Data shows that the price of Bitcoin usually falls within a few days after open interest in BTC futures reaches $1 billion

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Data shows that Bitcoin has a pattern of seeing a strong correction after open interest in BTC futures exceeds $1 billion.

There was a time when the BitMEX crypto derivatives exchange reigned supreme over other exchanges, and the company had a 50% market share until July 2019. For this reason, traders were aware of all the indicators connected to BitMEX, its financing rate, open interest and base.

The open interest measures the total number of contracts that market participants have. As the number increases, so does the potential size of settlements. On August 2, a $1.4 billion drop occurred when $1 billion in futures contracts were forcibly settled due to insufficient margins.

The price of Bitcoin falls back below $16,900 as the whale deposits rise again

Although there is no magic number, traders tend to freak out when open interest approaches $1 billion, causing a phenomenon that some traders call the BitMEX ghost. This became evident during the second half of 2019, when massive drops in the Bitcoin Code occurred on seven different occasions as open interest reached $1 billion.

The perceived risk associated with a high open interest depends on the liquidity of the underlying asset. During Q3 2019, Bitcoin volume on spot exchanges averaged $2.4 billion per day. Therefore, a single contract totaling 42% of Bitcoin volume seemed important enough.
Bitcoin price vs. open interest in BitMex perpetual contracts (in USD) Source: TradingView

As we can see in the graph above, there is no doubt that the open interest of about USD 1 billion coincided with the price falls from July to September. It is worth noting that a considerable number of contracts at stake cannot be considered bullish or bearish.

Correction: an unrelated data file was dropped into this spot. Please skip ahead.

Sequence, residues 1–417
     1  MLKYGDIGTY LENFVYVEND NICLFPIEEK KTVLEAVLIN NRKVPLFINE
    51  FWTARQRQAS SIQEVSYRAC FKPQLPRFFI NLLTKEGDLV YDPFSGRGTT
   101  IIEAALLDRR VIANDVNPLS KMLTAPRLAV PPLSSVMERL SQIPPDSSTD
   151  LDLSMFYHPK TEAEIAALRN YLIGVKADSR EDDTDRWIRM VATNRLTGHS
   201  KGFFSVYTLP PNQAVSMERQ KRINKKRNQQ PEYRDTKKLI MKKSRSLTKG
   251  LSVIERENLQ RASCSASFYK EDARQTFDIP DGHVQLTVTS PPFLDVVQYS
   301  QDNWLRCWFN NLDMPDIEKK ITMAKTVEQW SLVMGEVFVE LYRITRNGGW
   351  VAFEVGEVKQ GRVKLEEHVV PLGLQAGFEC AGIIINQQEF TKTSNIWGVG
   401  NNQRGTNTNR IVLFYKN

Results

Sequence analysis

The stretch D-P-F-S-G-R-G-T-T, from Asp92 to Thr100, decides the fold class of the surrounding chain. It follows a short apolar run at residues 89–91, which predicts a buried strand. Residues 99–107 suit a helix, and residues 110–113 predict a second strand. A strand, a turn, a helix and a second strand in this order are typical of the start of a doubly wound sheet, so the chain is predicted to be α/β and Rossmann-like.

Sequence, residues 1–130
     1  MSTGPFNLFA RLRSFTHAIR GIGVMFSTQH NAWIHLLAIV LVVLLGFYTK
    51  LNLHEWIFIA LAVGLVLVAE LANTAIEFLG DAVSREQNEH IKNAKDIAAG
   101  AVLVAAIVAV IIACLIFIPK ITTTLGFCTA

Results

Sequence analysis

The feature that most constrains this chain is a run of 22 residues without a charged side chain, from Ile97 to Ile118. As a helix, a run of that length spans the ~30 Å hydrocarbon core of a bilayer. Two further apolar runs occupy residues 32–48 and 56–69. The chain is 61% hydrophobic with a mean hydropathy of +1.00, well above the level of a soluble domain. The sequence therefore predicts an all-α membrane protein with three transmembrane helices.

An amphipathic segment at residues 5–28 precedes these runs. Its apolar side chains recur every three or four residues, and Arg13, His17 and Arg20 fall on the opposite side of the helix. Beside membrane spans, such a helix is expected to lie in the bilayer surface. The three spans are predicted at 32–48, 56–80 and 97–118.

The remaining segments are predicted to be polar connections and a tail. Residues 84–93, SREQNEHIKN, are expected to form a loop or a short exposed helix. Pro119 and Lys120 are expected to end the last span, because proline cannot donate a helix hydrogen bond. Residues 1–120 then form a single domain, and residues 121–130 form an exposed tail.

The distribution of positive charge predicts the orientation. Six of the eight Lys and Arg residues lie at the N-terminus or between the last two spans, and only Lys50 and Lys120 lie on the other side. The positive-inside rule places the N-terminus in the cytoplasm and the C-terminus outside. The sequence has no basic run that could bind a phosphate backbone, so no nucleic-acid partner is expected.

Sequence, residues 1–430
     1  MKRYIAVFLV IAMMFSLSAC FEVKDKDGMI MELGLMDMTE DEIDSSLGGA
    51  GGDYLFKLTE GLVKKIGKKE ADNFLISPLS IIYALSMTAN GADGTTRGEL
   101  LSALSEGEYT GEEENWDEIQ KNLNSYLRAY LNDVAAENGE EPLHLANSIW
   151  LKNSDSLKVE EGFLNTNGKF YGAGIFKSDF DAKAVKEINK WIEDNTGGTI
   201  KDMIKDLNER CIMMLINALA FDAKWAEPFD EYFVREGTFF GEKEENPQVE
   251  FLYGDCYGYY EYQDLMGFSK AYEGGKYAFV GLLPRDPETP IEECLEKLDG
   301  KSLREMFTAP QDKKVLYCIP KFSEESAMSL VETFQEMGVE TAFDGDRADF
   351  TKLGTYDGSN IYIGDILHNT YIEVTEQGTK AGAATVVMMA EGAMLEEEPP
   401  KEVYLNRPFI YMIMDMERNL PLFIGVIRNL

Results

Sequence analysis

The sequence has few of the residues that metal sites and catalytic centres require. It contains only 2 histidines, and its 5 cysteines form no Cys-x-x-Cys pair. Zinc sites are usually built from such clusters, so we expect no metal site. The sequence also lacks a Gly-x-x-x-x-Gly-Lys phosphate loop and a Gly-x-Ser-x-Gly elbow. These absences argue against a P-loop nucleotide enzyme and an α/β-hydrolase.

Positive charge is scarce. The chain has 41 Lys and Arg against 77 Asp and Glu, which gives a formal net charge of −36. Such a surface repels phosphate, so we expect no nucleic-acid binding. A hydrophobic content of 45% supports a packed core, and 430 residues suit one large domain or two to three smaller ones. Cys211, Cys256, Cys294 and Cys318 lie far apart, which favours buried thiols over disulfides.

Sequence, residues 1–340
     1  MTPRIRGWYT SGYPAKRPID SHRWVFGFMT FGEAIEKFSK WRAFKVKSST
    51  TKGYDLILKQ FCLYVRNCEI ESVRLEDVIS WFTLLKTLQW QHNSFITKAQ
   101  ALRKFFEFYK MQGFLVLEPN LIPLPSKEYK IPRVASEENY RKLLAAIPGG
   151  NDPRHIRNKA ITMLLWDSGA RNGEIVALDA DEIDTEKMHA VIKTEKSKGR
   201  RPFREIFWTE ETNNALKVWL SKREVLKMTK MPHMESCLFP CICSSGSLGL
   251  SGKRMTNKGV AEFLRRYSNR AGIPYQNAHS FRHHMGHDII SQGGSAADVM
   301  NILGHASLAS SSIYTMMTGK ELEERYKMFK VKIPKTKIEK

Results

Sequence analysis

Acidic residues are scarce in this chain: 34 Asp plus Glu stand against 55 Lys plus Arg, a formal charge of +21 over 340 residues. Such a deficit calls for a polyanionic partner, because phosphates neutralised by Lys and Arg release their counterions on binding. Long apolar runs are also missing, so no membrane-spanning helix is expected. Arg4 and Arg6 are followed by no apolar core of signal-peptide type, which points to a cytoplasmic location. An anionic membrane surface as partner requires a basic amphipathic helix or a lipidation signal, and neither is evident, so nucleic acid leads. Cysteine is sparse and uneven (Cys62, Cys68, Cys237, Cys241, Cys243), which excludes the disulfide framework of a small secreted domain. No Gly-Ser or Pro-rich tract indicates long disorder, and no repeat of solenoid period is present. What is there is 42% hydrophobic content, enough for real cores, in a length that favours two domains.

The second half of 2019 was mostly bearish

The second half of 2019 was quite tough for cryptomonies, and as most investors will remember, even President Trump publicly charged against Bitcoin, as reported by Cointelegraph. All this happened while the Secretary of the Treasury of the United States, Steven Mnuchin, demanded more regulation and supervision for the sector.
Open interest in Bitcoin’s future aggregates in November 2019 (in USD)
The chart above shows in much more detail how relevant BitMEX’s 40% market share was at that time. One single exchange had an open interest equivalent to half of the daily Bitcoin spot volume.

CME surpasses OKEx as the largest Bitcoin futures market

Fast forward to 2020, BitMEX has been dethroned by OKEx, where total open interest on perpetual and fixed-month futures exceeded $1 billion on July 25.
Open interest in Bitcoin aggregate futures (in USD). Source: Skew

The rest of the contenders continued to increase their participation, but only recently the Chicago Mercantile Exchange (CME), Binance and Bybit managed to break the psychological barrier of USD 1 billion.
The current market is marginally similar to that of 2019, but with less risk

Interestingly, this happened on November 20, just four days before the 16% drop to USD 16,334. The total open interest of futures in September 2019 amounted to USD 3 billion to put things in perspective. This time, four exchanges were able to break the $1 billion barrier.

3 reasons why Bitcoin’s price faces a big hurdle at $20,000

Although open interest in futures rose to $7.4 billion, so did the average daily volume on spot (regular) exchanges, where the figure is now $3.5 billion. Therefore, unlike last year, the fact that a single exchange has an open interest of $1 billion should not surprise us in the same way as it did in 2019.

In short, the markets have grown and developed to the point that the BitMEX ghost has disappeared, but it could have been replaced by a similar phenomenon that occurs when four exchanges cross the $1 billion open interest mark in futures.